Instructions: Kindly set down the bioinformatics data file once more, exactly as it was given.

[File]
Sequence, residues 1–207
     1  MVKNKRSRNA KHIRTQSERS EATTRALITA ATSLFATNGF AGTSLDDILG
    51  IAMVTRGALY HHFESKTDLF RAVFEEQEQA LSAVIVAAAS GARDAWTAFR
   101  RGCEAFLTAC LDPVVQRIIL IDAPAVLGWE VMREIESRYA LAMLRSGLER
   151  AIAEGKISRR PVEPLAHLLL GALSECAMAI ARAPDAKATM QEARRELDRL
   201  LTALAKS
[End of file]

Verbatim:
Sequence, residues 1–207
     1  MVKNKRSRNA KHIRTQSERS EATTRALITA ATSLFATNGF AGTSLDDILG
    51  IAMVTRGALY HHFESKTDLF RAVFEEQEQA LSAVIVAAAS GARDAWTAFR
   101  RGCEAFLTAC LDPVVQRIIL IDAPAVLGWE VMREIESRYA LAMLRSGLER
   151  AIAEGKISRR PVEPLAHLLL GALSECAMAI ARAPDAKATM QEARRELDRL
   201  LTALAKS